During one of the days at the lake, Jesus went out on a mountainside and spent the night speaking with God. The next morning, he called all of his followers over and designated 12 of them as deputies of sorts, giving them authority to reteach his teachings and to force the evil out of people. Here’s who made the squad: Simon (who he called Peter), his brother Andrew, James, John, Philip, Bartholomew, Matthew, Thomas, James Alphaeuson, Simon who everyone knew as the Zealot, James’ son Judas, and Judas Iscariot, the one who turned him over to the authorities in the end.


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Sabbath Savvy: Matt. 12:1-14 (how I would say it)

One Saturday, Jesus was walking through a wheat field. His followers were running on empty, so they just decided to help themselves to the heads of grain. Always under close scrutiny, of course some of the Jewish religious leaders called them out. “Look! Your followers are breaking a law!”

Jesus answered, “Haven’t you read what David did when he and his friends were hungry? He went right into the temple and ate the communion bread. That was against the law too, only the priests were allowed to eat it. Oh, maybe you missed the nuance there. The priests were able to eat the holy bread—clearly an infraction of the law—without actually being guilty of breaking the law. Well, guess what. We’re in the middle of something a lot more monumental than the temple. If you had done the homework I assigned you and learned what it means when God says, “I don’t want you to act out of duty, but out of compassion,” you wouldn’t be slamming these guys for no good reason. A day of rest was instituted to benefit people, not to penalize them. The Son of Man is in charge of the day of rest.”

He walked on and entered the synagogue. There was a man with a shriveled hand there. The religious leaders were trying to find some way to incriminate Jesus, so they asked, “OK, then, so is it against the law to heal a man on the day of rest?”

He replied, “If your dog got tangled in barbed wire on the day of rest, wouldn’t you help it out? And isn’t a person worth more than a dog? So no, it’s not a crime to help people out on the holy day.”

Jesus told the man with the shriveled hand, “Come here, sir, and stand in front of everyone.”

Then to the religious leaders, he asked, “Which is acceptable on a holy day: good or evil; to save someone or to kill someone?”

[Chirp, chirp.] Total silence.

Jesus looked around in disgust at these guys and their stubbornness. He told the man, “Stretch out your hand.”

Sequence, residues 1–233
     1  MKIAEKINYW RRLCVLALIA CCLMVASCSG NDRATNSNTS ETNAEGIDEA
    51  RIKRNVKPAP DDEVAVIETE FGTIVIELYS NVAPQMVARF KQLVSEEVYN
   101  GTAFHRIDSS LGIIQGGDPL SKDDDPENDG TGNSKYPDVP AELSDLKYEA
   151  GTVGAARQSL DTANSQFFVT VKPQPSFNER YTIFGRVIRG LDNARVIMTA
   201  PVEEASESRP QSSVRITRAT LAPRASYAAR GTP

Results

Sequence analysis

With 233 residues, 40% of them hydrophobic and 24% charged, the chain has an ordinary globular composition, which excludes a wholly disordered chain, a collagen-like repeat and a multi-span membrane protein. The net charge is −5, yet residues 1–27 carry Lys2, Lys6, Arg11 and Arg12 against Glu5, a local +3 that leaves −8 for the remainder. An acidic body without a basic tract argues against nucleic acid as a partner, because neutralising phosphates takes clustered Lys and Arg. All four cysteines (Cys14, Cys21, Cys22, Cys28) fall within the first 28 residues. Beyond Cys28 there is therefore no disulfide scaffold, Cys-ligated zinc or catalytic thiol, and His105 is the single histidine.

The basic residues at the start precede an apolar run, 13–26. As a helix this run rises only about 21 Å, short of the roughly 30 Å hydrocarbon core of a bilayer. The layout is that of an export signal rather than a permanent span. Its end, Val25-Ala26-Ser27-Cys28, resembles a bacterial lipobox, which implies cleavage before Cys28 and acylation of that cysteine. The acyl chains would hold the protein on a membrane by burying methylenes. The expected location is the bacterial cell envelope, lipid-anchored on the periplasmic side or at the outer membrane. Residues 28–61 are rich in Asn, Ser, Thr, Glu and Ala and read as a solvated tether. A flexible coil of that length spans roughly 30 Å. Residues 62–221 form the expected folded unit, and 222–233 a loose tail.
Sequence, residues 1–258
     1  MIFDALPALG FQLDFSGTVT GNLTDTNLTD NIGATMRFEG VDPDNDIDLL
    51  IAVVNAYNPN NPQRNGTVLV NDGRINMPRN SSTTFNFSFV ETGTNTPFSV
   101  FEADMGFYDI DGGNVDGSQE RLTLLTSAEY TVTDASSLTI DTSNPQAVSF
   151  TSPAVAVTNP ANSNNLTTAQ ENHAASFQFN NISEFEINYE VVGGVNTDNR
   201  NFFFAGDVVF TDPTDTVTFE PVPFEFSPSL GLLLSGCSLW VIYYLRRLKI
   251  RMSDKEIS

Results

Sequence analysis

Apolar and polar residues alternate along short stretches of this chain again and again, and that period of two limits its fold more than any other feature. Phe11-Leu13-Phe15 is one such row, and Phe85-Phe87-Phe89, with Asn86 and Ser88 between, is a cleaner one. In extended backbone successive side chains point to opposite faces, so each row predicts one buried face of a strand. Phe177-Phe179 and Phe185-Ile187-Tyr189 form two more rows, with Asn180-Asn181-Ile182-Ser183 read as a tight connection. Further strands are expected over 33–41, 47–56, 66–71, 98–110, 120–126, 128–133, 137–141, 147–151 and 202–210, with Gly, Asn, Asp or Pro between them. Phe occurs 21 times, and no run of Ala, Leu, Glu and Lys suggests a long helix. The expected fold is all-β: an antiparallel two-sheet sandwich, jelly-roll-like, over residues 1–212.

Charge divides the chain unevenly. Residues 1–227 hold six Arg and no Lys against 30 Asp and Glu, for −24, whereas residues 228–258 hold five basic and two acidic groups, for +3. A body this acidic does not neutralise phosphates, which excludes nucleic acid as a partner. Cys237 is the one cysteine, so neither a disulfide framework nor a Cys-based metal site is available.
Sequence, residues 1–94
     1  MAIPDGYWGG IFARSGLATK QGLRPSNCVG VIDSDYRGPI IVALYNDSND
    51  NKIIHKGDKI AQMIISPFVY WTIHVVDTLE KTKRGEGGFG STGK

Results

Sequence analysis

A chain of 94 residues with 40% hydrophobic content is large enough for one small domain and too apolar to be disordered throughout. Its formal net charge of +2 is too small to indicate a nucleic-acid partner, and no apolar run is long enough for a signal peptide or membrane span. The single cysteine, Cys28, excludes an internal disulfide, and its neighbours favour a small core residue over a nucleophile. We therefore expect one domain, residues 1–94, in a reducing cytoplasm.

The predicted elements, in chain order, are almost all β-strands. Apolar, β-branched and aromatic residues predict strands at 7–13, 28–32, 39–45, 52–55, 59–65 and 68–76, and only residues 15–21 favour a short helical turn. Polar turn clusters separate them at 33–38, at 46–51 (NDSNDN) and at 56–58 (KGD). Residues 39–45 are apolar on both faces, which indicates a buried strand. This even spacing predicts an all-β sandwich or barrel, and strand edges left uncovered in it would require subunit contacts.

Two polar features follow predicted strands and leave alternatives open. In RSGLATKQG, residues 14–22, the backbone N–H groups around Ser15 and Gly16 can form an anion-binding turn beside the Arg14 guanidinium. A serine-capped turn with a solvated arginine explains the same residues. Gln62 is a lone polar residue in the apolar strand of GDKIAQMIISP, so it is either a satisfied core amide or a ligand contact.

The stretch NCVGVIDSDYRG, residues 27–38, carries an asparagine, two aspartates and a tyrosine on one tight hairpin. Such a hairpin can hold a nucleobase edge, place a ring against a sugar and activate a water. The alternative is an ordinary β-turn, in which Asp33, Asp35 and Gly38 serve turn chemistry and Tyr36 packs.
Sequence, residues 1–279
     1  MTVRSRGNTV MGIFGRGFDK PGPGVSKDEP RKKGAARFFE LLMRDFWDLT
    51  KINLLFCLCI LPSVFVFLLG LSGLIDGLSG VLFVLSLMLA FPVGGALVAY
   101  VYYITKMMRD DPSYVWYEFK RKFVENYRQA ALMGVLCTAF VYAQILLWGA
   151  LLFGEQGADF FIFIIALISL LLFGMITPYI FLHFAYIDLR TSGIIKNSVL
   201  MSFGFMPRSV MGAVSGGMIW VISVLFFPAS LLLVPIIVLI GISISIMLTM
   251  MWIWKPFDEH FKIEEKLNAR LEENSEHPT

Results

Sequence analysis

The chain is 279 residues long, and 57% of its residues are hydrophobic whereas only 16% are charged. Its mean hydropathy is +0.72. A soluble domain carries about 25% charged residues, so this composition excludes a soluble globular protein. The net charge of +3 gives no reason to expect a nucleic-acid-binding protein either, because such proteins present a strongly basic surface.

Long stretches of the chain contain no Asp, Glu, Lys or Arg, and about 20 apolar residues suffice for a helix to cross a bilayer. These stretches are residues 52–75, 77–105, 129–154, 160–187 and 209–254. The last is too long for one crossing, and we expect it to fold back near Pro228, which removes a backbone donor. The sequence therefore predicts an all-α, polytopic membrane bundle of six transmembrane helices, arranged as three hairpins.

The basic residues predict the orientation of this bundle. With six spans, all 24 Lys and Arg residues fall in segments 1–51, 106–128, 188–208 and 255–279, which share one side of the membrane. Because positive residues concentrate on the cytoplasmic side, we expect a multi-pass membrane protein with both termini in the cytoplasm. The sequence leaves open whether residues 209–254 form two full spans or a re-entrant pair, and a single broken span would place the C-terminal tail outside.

He did, and it was completely restored—just as good as his other hand.

This really ticked off the religious leaders. They huddled up and started brainstorming ways to do him in—they even “reached across the aisle” to their political opponents, the Herodians, to devise a way to kill him.

[Irony alert: After unsuccessfully trying to bust Jesus on a Sabbath law infraction, religious leaders plot first degree murder on the Sabbath. I’m pretty sure that was against the law.]


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Can I Get a Witness? John 5:31-47 (how I would say it)

DSC05233fb (totally random Maypole)

I’m telling you straight up who I am, but nobody believes it. But I’m not the only one, there’s someone else saying the same thing, and it’s all true. You asked John about me and he told you the truth. Not like he’s any real authority, after all, he’s just human, but I’m just trying to help you to understand this for your own eternal good. John was like a beacon pointing to me, and for a while, it looked like you might see the light.

What I say about myself carries a lot more weight than what John says about me. Every time I do what I’ve been sent here to do, I prove I’m from the Father. Even the Father has proven that I’m for real. But I guess you’ve never really seen God or never really internalized his word if you don’t believe the proof he’s offering you. You burn the midnight oil analyzing the ancient texts, thinking in some way this is going to make you good with God. Those same texts prove my identity, and yet you refuse to come to me to save your life!

It’s not like I’m looking for people to fall all over me, I’m just saying, I’ve got your number. There’s no love of God in your hearts. Here I am, representing my Father, and you just don’t buy it. But along comes someone else with absolutely no backing other than his name printed on a business card and you’re welcoming him into your club. How could anyone expect you to believe in the real deal when you’re so busy congratulating yourselves, and spending zero effort to discover what God can award?

Don’t worry about me telling my Father, though. Moses has that covered. After all, he’s the one you’re counting on, isn’t he? Then again, if you really believed what Moses said, you’d believe in me, because he was the first to write about me. But you don’t believe what he wrote, so how could you possibly believe I say?